23 June 2002
Dave's system had lots of changes but the overall character of the sound was very similar to what I had heard some three years ago: sweet, detailed and musical (I guess one always gets what he looks for). As this is a very complexe and out-of-ordinary system, I asked Dave to write about it. He was very busy at the time, so the text has just arrived and here it is:
"My system is definitely a work in progress, and is constantly evolving (and expanding) as I zero in on the sound that pleases me. This evolution, like most is a slow process of making little steps and then assessing if it was a move in the right direction. The bulk of the changes from the last visit have involved minor improvements in power supply design, the switch to direct coupling in place of IT coupling, and moving to a 2 Way speaker system.
The easiest way to put the system into words is to just follow the music from the CD to the speaker.
I really haven't put much effort into my digital front end for some time, one of my first "high-end" purchases was the original giant killer the Audio Alchemy DDE 1.0 after hearing rumblings on how great it was with a few minor tweeks suggested by Arthur Loesch where you bypass the last gain stage and feed a Loesch linestage. This evolved into a unit where I replaced the cap output with first a transformer feeding an autoformer volume control and then a transformer volume control, with the end result being a very non-digital sound.
Attenuation is handled by a magnetic volume control, at this point a transformer is needed because it eliminates the need for the cap on the output of the DAC, if isolation is not needed I much prefer the bandwidth of the autoformer volume controls... in any event from my first few attempts at winding these units, it was apparent to me they were far superior to any resistive units, and 30 revisions later... I am near my final design.
At the output of the volume control the signal is split to feed two different amplifiers. The bulk of the music (150hz on up) is directly fed to a three stage direct coupled amp feeding some custom fiberglass fronthorns with lowther 5A's.
The input of the amp is a 6C45 with an 80% nickel plate choke direct coupled to a AV-8 with various different plate chokes available (80% nickel 49% nickel and amorphous) currently it is another 80% nickel choke due to the balance in sound it gives with the fronthorns. The choice of the choke core in this position has a suprising impact of the flavor of the final sound and depending on the surrounding tubes and iron I can "season to taste". The AV-8 is direct coupled to a mesh 2A3 loaded with some amorphous cored output transformers. An interesting thing I noted was when I was listening to the bigfuns fullrange and I used the amorphous outputs I found the best sound was with the 49% nickel plate chokes on the AV8. Switching to some nickel outputs wound by Michael Ulbrich, I found the amorphous plate chokes on the AV8 gave the sound that best fit my tastes.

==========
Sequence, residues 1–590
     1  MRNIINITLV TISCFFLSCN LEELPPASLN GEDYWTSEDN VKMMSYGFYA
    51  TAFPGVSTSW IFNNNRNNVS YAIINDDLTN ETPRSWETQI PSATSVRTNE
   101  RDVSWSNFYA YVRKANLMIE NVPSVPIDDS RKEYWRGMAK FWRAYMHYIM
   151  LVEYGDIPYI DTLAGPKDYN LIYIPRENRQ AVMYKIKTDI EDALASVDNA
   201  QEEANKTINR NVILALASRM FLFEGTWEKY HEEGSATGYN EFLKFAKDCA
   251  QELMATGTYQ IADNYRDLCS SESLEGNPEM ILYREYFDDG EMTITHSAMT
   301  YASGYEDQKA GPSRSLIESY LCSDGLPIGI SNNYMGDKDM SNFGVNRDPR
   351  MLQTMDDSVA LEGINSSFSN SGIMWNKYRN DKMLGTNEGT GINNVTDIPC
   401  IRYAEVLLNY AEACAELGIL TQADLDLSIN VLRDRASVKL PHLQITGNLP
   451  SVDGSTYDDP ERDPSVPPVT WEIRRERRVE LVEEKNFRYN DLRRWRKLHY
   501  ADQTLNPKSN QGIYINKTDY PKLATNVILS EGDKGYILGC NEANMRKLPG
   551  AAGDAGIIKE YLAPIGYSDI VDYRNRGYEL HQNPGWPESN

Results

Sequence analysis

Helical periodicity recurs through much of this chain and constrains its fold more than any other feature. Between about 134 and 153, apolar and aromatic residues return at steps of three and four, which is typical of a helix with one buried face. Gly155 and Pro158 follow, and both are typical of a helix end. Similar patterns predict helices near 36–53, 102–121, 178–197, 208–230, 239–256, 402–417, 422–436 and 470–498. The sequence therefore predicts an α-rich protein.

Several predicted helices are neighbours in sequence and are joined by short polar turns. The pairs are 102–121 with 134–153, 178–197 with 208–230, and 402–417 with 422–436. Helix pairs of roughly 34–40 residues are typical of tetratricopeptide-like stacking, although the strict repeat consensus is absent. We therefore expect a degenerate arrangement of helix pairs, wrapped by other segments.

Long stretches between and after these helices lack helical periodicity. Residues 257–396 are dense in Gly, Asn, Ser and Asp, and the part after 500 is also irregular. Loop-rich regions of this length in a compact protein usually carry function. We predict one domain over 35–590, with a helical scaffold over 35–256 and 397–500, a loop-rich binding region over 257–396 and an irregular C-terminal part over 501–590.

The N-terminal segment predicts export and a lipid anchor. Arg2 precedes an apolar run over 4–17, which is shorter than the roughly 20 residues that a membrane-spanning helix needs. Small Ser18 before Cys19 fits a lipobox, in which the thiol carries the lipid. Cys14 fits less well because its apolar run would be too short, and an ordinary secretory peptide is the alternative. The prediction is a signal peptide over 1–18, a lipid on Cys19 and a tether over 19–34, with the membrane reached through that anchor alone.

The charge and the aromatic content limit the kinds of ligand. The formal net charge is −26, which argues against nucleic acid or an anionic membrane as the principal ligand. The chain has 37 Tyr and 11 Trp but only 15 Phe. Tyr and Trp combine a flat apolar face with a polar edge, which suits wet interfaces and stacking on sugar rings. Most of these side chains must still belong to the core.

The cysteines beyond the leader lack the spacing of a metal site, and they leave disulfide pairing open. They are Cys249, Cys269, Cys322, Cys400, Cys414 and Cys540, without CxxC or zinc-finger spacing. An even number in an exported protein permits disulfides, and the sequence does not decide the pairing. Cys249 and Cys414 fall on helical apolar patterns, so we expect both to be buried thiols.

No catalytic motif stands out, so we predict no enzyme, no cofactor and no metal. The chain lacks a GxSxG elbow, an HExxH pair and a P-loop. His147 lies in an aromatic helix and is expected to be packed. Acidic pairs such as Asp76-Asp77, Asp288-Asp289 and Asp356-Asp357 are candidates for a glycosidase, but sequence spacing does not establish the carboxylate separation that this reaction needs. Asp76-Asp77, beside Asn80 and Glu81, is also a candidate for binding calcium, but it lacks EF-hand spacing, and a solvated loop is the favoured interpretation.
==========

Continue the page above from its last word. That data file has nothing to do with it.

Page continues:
The PS of the hf amp uses mercury vapor thyratron rectifiers feeding a CLCLC filter that has the following characteristics:
Small (approx 1 mfd) Oil cap input - amorphous cored filter choke - medium sized oil cap, nickel cored filter choke, and a final oil cap right at the tube. Each stage has its own supply and all three supplied are stacked. This topology uses no coupling caps, cathode resistors or bypass caps, and provides the best sound I have had to date.
The fronthorns are made of fiberglass and were made by Martin Seddon, using a custom expansion designed by Jean-Michel LeClech. It is a true 160hz front horn with a measured -3db point of 80hz and measures 40 inches across the mouth... so they are big. These horns run fullrange using the natural roloff as part of the crossover.